Xe·ri·scape — pronounced zeh·ri·skayp
Xeriscape demonstration garden in Denver, Colorado
Xeriscape is a style of landscape gardening requiring a lower amount of irrigation than typical yards and gardens. It is particularly useful in arid and hot regions, but is by no means exclusively planted in such areas. Xeriscape is popular across the entire US. This form of gardening has been promoted in North Texas for more than twenty years, and is particularly useful in places where water conservation is essential. It tends to replace much of the turf grass in an area and replace it with well-adapted native grasses or trees, shrubs, ornamental grasses, hardy ground covers, and decorative mulch or stones. Xeriscape plants aren't only native plants, though native plants are a good starting place. Well-adapted plants from around the world have made their way into garden centers for use in these water-thrifty gardens.
Drought-tolerant plants are used, and the landscape is structured to conserve rainfall and avoid runoff of infrequent rainfall or irrigation. This doesn't mean a xeriscape yard is a cactus garden, there is a great range (think "Mediterranean Zone" for many of these plants.) Despite the fact that xeriscaping uses drought-tolerant plantings, these areas are often lush and colorful. The choice of hardy plants that are succulent and/or are woody, and have features such as small leaves, waxy leaves, deep roots, and many have a rapid response to rainfall (blooming whenever they receive some rain). There are many ornamental grasses (not turf) and woody shrubs that stand up to dry conditions that provide interesting ground cover. It is not uncommon to find that native trees planted properly are drought-tolerant and can be put in to provide shade to more tender small plants planted beneath them.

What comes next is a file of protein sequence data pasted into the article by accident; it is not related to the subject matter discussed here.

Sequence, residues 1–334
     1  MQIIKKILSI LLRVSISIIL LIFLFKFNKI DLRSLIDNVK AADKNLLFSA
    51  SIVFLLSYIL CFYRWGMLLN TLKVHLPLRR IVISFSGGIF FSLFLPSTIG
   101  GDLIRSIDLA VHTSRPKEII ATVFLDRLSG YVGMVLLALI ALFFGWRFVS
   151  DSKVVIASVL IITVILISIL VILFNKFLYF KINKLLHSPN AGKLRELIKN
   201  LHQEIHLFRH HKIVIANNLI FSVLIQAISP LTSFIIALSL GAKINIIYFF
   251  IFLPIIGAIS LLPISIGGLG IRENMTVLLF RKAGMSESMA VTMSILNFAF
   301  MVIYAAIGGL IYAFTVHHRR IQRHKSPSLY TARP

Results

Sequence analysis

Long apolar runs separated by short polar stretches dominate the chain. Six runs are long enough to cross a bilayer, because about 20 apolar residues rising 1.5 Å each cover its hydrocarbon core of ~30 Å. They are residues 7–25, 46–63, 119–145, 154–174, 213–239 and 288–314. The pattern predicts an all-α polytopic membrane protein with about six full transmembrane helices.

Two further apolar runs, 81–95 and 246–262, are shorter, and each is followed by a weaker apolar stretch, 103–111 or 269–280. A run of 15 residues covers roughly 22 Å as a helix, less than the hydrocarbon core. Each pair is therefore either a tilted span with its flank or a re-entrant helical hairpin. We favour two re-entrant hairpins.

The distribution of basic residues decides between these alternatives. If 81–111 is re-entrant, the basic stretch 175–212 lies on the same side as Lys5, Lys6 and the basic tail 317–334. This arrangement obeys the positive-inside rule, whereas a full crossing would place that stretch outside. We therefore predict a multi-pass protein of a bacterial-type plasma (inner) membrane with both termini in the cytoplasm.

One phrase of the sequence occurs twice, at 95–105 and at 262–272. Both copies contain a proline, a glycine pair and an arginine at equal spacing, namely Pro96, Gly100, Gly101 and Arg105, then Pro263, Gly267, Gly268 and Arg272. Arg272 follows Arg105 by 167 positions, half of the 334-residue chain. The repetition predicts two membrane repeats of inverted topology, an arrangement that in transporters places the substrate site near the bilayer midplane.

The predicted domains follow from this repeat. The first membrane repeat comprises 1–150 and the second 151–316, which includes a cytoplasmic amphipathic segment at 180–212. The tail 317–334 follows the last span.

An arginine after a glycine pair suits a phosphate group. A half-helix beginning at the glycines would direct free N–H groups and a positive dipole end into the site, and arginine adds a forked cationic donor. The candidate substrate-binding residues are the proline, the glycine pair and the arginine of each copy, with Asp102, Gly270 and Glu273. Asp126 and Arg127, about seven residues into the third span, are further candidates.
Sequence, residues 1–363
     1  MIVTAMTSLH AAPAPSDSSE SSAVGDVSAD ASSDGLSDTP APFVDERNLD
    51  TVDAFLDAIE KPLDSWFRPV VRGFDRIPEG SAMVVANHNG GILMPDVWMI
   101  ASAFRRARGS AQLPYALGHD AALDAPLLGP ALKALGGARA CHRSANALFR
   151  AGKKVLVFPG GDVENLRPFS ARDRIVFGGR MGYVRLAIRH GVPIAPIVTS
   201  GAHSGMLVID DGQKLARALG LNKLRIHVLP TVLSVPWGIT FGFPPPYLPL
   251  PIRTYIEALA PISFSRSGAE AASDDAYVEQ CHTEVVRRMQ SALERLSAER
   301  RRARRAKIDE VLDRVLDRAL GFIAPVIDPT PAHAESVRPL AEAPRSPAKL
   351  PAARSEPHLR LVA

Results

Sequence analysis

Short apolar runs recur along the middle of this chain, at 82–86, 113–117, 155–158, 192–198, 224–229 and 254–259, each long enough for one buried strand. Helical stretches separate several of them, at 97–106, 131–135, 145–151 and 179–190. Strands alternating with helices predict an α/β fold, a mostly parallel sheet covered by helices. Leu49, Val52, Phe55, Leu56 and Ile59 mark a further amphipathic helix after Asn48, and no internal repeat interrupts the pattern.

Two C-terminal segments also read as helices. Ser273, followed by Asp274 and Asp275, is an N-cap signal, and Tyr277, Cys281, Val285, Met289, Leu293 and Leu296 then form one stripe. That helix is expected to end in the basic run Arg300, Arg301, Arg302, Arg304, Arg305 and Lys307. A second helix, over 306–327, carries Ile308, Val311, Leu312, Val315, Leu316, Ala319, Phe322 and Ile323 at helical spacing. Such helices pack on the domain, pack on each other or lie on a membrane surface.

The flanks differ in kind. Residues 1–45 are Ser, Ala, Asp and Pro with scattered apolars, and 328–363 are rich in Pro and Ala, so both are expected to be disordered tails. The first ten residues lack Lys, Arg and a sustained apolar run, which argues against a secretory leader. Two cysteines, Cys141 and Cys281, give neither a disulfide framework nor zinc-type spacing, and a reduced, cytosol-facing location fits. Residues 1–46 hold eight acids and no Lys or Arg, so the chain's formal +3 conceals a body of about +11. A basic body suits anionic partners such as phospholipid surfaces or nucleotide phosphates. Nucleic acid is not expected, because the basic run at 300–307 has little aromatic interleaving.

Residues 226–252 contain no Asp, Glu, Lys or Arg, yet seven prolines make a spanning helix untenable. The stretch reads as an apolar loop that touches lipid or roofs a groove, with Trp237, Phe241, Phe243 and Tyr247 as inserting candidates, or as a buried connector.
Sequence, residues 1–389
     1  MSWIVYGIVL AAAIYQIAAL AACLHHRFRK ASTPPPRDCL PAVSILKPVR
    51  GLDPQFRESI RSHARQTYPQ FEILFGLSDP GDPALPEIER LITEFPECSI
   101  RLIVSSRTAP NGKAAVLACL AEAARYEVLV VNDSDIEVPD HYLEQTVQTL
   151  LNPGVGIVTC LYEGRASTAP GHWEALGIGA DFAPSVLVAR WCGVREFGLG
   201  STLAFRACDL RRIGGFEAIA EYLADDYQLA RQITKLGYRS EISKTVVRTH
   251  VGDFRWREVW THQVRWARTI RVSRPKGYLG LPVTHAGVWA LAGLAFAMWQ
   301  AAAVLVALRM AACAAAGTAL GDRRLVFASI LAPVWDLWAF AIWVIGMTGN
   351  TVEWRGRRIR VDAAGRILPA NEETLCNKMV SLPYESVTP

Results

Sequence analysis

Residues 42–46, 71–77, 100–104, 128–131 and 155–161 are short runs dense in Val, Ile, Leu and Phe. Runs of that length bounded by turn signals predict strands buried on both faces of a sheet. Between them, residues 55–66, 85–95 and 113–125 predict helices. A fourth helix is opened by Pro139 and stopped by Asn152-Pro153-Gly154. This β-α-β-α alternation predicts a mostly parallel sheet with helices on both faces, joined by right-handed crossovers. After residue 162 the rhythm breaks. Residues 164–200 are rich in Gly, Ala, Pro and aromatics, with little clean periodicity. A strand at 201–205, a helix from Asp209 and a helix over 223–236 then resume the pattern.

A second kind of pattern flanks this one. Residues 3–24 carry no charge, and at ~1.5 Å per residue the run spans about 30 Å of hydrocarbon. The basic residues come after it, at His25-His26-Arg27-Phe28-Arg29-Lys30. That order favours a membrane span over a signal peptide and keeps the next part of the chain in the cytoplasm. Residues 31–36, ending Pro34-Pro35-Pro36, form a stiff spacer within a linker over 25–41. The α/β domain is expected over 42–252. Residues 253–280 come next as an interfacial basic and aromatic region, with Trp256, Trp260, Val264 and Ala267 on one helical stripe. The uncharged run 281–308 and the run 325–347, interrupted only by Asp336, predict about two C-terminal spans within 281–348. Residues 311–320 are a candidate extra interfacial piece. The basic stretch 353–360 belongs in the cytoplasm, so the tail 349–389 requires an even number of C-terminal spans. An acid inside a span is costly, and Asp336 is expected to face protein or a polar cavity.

Fort Worth Public Library, SW Branch, xeriscape garden
Xeriscaping is generally done on well-prepared beds or yards with amendments (especially water-retaining products like lava sand or lava rock mulch), shredded native tree trimmings, and tough ground covers to keep the soil from receiving direct sunlight to retain moisture. When an organic program is in place the plants have an extra level of protection from the healthy soil (good biological activity). Rain barrels and cisterns can be an effective addition to such an operation, especially for the period when extra water is needed as gardeners are getting new plants established.
The concept of Xeriscape was originally developed by Denver Water, a regional water management organization established in 1918 by the merger of several Colorado water management companies. The organization managed Denver's water reservoirs, and in the 1990s after a series of disastrous floods they began an anti-erosion program that included planting drought-resistant trees to maintain their irrigation waterways. Around the same time many other urban water departments began similar programs, urging customers to plant wisely and water deeply and infrequently.
Buffalo grass lawn
For those yards that require a small area of turf (for pets and children to play on, etc.) it means choosing the best grasses, such as buffalo grass, and avoiding the thirsty varieties that scald or die without frequent watering.
The Seven Principles of Xeriscaping (see the Wikipedia entry for all details)
- Plan and design
- Soil amendment
- Efficient irrigation/water harvesting
- Appropriate plant and zone selection
- Limited (or no) turf areas
Here are just a few of the plants in the Dirt Doctor Library that are great for xeriscape planting:
Cassia Corymbosa (Texas Flowery Senna)
Colorful Shrubs (Turk's Cap and Salvia Greggii)
Huisache (Sweet Acacia)
There are many lists of drought-tolerant plants available at area nurseries and via mail or to plant by seed. If you're not sure how to get started in planning a xeriscape garden, you can turn to Howard Garrett's books or look up your area organic businesses in the Dirt Doctor Destinations.
For more information: